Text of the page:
Let’s talk about ‘How I Met Your Mother’ one more time. I cannot guarantee that it is the last time, but in light of the fact that, firstly, the alternate ending of the series has been leaked, and secondly, we have had enough time to truly digest the series finale five months ago, this is a great opportunity to have an open discussion and recap of what we have seen. I would like to point out, I am going to take the alternate ending as the alternate ending the Creator’s had to choose from and I am not going to take a stance on the ‘Creators-had-to-make-a-new-ending-because-of-the-backlash’ — conspiracy. If you haven’t seen the alternate ending yet, you should click here and watch it, because otherwise the following won’t make any sense to you.
To start with, I am going to take a deeper look at the differences between the ‘main’ finale and the ‘alternate’ finale. Because the creator’s have basically created two divergent timelines (yes, I also watch ‘Community’) from the point where Ted narrates the final minutes of the show, it’s essential to compare the two different voice-overs before discussing the ‘Robin’ controversy.
Lily: “A man with more emotional endurance than any man, I know. It was a long different road. Thank God, we finally got here.”
Gang: “We’re here.”
A: ‘Main’ (Josh Radnor): “Aunt Lily wasn’t wrong. This time was a long and difficult road. But I’m glad it was long and difficult. Because if I haven’t gone through hell to get there, the lesson might not have been as clear. You see kids, right from the moment I met your Mom, I knew I have to love this women as much as I can for as long as I can and I cannot stop loving her for a second. I carried that lesson through every stupid fight we ever had, every 5 am Christmas morning, every sleepy Sunday afternoon, through every speed bump, every pain of jealousy, or boredom or uncertainty that came our way. I carried that lesson with me. And I carried that lesson with me when she got sick. Even then, in what can only be called the worst of times, all I could do was thank God, thank every God, there is or ever was or will be, and the whole universe and anyone else I could possibly thank. That I saw that beautiful girl on the train platform, then I had the guts to stand up, walk over to her, open my mouth, and speak. [… Ted/Tracy dialogue …] And that kids, is How I Met Your Mother.” [… Luke/Penny not acknowledging this lesson, instead coming up with the theory it was all about Robin … Ted trying to emphasize said lesson only for the kids to encourage him to meet Robin. Ted is temptated to give Robin a call, instead goes big and gets to Robin’s apartment with the Blue French Horn as a symbol for their relationship.] (Track: Downtown Train)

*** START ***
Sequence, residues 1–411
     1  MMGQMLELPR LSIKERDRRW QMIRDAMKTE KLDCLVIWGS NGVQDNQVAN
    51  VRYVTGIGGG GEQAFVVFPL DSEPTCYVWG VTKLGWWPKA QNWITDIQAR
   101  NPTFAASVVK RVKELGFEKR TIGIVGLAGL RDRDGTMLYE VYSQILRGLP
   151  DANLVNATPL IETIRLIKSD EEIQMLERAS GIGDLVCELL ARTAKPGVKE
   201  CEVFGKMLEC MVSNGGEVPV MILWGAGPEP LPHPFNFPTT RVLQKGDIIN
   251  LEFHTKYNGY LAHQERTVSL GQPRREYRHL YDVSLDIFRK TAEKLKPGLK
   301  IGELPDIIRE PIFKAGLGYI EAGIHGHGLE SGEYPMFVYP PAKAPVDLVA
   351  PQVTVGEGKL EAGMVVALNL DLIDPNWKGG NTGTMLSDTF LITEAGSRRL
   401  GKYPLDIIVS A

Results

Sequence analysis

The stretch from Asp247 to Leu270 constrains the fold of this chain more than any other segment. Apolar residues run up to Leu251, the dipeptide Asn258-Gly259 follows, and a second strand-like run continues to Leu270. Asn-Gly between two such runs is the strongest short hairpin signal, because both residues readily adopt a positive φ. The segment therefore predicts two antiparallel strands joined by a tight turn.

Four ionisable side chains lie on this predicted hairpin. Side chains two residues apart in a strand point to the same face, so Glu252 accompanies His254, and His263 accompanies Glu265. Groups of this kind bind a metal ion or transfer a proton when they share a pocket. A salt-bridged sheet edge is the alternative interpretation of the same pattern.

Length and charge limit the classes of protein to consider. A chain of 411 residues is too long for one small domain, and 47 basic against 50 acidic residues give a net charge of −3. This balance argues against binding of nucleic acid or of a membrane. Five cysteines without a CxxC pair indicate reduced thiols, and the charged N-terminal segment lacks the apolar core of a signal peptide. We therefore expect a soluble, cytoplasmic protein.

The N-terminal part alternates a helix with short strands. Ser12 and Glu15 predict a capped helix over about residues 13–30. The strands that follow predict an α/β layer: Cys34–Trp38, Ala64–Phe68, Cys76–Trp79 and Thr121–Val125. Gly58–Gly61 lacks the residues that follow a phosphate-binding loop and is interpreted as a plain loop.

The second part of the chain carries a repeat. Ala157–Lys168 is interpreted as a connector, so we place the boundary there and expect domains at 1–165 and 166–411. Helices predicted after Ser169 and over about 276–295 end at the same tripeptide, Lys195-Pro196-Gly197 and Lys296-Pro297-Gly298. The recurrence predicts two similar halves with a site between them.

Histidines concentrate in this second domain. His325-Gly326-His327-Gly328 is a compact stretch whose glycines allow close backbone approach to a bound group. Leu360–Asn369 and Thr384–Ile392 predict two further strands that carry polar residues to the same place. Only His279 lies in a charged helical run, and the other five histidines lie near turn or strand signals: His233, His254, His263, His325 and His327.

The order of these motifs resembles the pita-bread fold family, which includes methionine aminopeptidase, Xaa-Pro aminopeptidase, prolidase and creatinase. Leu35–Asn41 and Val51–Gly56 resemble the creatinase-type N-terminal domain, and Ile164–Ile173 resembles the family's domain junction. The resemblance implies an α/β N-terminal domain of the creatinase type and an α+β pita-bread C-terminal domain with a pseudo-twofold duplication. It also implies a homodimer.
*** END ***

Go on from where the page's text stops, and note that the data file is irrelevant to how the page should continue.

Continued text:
B: ‘Alternate’ (Bob Saget): “Aunt Lily was half right. It was a long road. You might even say it was really, really, really, really long. But difficult? Nah. It was life. Things happen in life. Things fall apart. Things get put back together. When I think how happy I am to wake up next to your mom every morning. I cant help but be amazed by how easy it was. […recap how everything in the last 9 years led to him meeting Tracy…] Be in the right place at the right time. And somehow summon the guts to do the most impossible thing in the world. Walk up to that beautiful girl under the umbrella, and start talking. [… Ted/Tracy dialogue …] And that kids, is How I Met Your Mother.(Track: Uplifting ukulele/guitar)
Basically, we can break down the differences between both into two parts. First part being to observe how the plot changes and secondly how with that the lesson Ted wants to teach us does. To begin with, the besides the fact that Ted gets back with Robin: In the ‘main’ ending Tracy gets assumingly terminally ill and dies 6 years prior to Ted telling the kids the story of how he met Tracy. In the ‘alternate’ ending, we are presented a truly happy ending, a never-dying love and marriage that is to ‘Last Forever’ as Tracy still lives in 2030. As a result, the underlying lesson of the entire story diverges here as well.
In the ‘main’ ending, Ted, notably, agrees with Lily’s sentiment, that it was both a long and difficult road, which is why “the lesson might not have been as clear”. Ted uses the word lesson four times in the ‘main’ ending, putting an emphasis on the 9-year adventure he has gone through to be taught that lesson. The lesson being to fully commit and dedicate his entire self, his live and love for this woman, as much as he can for as long as he can. For one, he puts a huge stress on the intensity of his love, but more importantly, Ted, himself, essentially puts a time constraint on his love as well.
What Ted wants Luke and Penny to understand is that, for every happiness you experience in life, it is your own duty to make it last as long as you can and enjoy and value every second God gives you of it.